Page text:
Articles :: Modular Power Supplies: The Reality of the Resistance. :: Motherboards.org

Jon Gerow · 08-10-2006 · Category: Guides

Conclusion


Hopefully you all found my little experiment entertaining and informative, if not monotonous and overly in depth. Obviously, it's fighting a losing battle trying to convince anyone that modular connectors don't create any significant resistance, but I think there's a few things here we can all learn from.

Someone once said that a modular connector's pins have as much resistance as two feet of wire. I can't recall where that came from, but I think our five subjects have shown us that there's actually as much as four times as much voltage lost in a mere 18 inches of cable than there is in a modular connector. And when thinking about a loss in voltage in a modular connector, one shouldn't look just at the fact that a power supply has a modular connector, but perhaps how that modular connector is made.

The power supply that showed the most drop in voltage at the modular connector was the Corsair. I'm not really sure why this was since the connector was a one to one with a standard 6-pin PCI-e type connector. I could understand seeing this kind of drop with the other modular connectors on the Corsair because relatively small pins are used in the five pin connectors that plug into the power supply housing. Below is a close up picture of one of the Corsair modular peripheral power connectors.



Regardless of why there was this drop when the Corsair was under load, one has to keep in mind that this drop was only .03V even when there was an 11A load applied to a single connector. That's only a 0.25% drop in voltage during a very exaggerated static load.

The power supply that showed the most drop in voltage through the cable was the Antec. This probably has nothing to do with the gage and length of the wire, but because there are four conductors splitting off into six wires. Two of these wires meet into one contact, creating twice the resistance as the other conductor. Below is a close up of the back of the Antec connector...



Note how only four of the potential six pins are used. If you take a look at the photo below, you can see why. The connector on the right is the one used for PCI express. The one on the left is used for a four pin peripheral power connector. The 12V lead in the lower right is missing, but now there is a 5V in the upper right that the PCI express connector did not have. The upper left would house a 3.3V conductor for use with SATA drives.



Again, we have to admit that the drop was only .19V, even with an 11A load, as opposed to the .11V drop we saw on the Silverstone power supply's cable which had no modular connectors at all.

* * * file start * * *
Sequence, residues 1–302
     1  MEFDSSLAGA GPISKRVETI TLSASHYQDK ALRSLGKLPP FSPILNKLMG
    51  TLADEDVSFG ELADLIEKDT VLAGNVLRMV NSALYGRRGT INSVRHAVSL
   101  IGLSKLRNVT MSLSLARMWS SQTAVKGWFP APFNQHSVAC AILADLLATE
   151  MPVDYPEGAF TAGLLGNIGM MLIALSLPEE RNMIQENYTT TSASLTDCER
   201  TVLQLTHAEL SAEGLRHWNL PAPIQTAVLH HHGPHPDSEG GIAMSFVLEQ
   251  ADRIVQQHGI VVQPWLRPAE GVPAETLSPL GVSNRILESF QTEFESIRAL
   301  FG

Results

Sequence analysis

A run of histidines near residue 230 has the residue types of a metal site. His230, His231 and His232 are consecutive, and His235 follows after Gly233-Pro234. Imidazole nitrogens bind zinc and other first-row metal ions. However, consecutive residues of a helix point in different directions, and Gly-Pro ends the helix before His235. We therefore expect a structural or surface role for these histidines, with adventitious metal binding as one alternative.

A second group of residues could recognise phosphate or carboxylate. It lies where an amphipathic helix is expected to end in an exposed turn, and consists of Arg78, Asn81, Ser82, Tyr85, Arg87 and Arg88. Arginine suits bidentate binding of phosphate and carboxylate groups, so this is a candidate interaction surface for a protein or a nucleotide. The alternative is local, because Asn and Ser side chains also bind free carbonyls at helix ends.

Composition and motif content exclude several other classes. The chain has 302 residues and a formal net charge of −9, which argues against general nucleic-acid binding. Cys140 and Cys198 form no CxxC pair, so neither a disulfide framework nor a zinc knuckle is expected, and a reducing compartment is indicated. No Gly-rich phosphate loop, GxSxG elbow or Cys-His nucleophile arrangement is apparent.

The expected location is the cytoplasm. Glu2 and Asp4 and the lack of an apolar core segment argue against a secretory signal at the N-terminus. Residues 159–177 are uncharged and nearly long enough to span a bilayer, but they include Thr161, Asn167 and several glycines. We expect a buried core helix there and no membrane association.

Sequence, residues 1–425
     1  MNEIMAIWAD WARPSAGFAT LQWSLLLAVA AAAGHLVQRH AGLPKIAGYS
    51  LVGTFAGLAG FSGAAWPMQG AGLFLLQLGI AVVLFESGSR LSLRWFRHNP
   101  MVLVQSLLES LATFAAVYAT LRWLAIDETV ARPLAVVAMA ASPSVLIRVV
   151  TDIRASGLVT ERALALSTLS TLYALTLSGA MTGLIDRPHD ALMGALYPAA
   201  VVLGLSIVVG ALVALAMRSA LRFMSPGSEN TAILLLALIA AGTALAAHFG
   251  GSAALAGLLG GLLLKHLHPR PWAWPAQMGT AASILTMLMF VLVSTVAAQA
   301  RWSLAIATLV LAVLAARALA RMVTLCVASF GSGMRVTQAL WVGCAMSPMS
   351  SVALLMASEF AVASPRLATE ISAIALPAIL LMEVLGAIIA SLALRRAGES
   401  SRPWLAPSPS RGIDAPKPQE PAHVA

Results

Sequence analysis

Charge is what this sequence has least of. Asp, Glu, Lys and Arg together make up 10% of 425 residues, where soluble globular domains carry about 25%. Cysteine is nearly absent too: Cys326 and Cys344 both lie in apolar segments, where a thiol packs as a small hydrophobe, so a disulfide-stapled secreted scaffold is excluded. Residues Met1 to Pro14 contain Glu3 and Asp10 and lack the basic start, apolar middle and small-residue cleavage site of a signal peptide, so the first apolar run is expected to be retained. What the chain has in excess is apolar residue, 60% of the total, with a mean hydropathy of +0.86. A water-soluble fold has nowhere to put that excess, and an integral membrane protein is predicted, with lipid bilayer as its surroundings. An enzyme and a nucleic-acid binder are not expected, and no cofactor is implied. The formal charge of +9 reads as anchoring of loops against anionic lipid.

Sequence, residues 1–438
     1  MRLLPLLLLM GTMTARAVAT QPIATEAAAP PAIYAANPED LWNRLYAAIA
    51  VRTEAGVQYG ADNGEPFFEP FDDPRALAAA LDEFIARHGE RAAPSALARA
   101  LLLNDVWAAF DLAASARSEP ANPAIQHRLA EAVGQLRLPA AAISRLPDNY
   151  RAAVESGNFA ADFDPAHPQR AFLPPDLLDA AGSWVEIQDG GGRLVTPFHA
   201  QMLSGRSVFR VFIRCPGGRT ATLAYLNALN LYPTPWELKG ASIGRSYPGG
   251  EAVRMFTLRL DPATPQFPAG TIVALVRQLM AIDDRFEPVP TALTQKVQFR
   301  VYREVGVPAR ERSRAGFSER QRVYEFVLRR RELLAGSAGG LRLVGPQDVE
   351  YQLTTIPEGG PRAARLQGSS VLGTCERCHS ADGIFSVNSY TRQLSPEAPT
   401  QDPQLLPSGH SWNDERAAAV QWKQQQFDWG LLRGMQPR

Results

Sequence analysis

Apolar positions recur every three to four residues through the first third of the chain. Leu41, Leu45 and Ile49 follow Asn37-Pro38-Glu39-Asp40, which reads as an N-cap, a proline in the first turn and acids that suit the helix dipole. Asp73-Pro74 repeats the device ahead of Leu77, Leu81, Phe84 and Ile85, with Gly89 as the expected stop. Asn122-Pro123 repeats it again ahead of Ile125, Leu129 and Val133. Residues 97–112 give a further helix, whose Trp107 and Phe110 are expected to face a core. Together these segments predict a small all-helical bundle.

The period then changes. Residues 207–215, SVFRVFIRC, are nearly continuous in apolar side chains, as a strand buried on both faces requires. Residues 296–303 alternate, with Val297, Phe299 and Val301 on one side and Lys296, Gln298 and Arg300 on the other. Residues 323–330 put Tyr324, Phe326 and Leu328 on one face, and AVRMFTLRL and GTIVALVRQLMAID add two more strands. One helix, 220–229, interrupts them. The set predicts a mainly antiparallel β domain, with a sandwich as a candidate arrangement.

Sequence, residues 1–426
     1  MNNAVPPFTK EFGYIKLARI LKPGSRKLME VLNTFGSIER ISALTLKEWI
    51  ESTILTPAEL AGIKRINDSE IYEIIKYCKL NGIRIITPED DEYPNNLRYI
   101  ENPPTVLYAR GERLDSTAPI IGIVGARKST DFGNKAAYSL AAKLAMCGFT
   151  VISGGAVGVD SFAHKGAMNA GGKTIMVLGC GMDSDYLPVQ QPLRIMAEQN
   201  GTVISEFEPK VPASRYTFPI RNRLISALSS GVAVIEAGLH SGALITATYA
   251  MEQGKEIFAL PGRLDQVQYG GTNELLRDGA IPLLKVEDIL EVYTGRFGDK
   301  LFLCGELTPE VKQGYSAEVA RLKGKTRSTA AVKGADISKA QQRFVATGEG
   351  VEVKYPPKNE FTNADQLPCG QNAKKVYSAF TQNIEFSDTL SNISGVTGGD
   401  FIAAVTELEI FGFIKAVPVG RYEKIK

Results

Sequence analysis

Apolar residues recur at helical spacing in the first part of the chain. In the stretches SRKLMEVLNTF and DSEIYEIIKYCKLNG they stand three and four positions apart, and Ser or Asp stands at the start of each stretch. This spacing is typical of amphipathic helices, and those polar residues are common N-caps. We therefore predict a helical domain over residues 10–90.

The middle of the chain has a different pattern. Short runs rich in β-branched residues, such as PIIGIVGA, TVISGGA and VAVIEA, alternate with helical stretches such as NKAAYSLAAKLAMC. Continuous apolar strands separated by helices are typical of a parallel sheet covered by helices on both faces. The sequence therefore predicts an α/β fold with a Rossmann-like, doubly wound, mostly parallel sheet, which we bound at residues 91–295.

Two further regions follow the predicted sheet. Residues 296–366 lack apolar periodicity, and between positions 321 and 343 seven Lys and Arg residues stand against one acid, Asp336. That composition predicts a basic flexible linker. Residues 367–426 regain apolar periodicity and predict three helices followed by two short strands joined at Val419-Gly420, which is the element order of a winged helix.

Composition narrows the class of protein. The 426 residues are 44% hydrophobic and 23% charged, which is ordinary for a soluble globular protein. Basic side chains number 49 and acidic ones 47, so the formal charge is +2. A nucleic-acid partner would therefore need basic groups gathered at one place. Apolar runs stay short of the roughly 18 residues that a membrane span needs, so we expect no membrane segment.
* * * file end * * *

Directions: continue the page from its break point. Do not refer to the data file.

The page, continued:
Now please keep in mind that this article is in no way a power supply review. You have not just witnessed some sort of weird five-way power supply shootout. There are so many good things to say about ALL of the power supplies I used today. For example, the voltage drop going from 0A to 11A on both the Antec NeoHE and Corsair HX620W was actually LESS than the FSP600-80GLC power supply with fixed cables. But the focus of today's article was to simply clarify some of the fuzzy math used to create fud over modular power supplies, therefore we focused primarily on the drop from the power supply's PCB to the load.

Of course, despite today's findings, we still can't ignore some KNOWN ISSUES with modular power supplies that we all need to be mindful of. Any physical connection point, whether you're talking about the modular connector on a power supply or a lug nut on your car's wheel, is a potential point of failure. Connections can work loose. But in some applications they don't work loose once they are in place because, unlike your car's wheel, your power supply is not a moving part. But many times I have seen people assemble builds with modular power supplies, tie things up all neat and tidy, and then NOT go back to double check the security of the modular connections at the power supply. This can, and DOES, cause HUGE problems. Please double check ALL of your connections whenever you open your case, shove your hands inside and start bumping and yanking on different cables.

And if you're the type of person that moves their stuff around inside their case, or even moves their stuff from case to case, be aware that by repeatedly plugging and unplugging your cables you may be working them loose. A loose cable is going to have more resistance than a nice firm one. If you feel your cable is working loose throw it away and replace it!

Contents

  1. Introduction
  2. Testing Methodology / Testing Corsair HX620W
  3. Testing Corsair HX620W (continued)
  4. Testing Corsair HX620W (results)
  5. Testing Ultra X2 550W
  6. Testing Antec NeoHE 430W
  7. Testing Fortron Source FSP600-80GLC
  8. Testing Silverstone ST65ZF
  9. Charting voltage output results for all five load tests
  10. Side by side comparison charts of voltage output
  11. Conclusion

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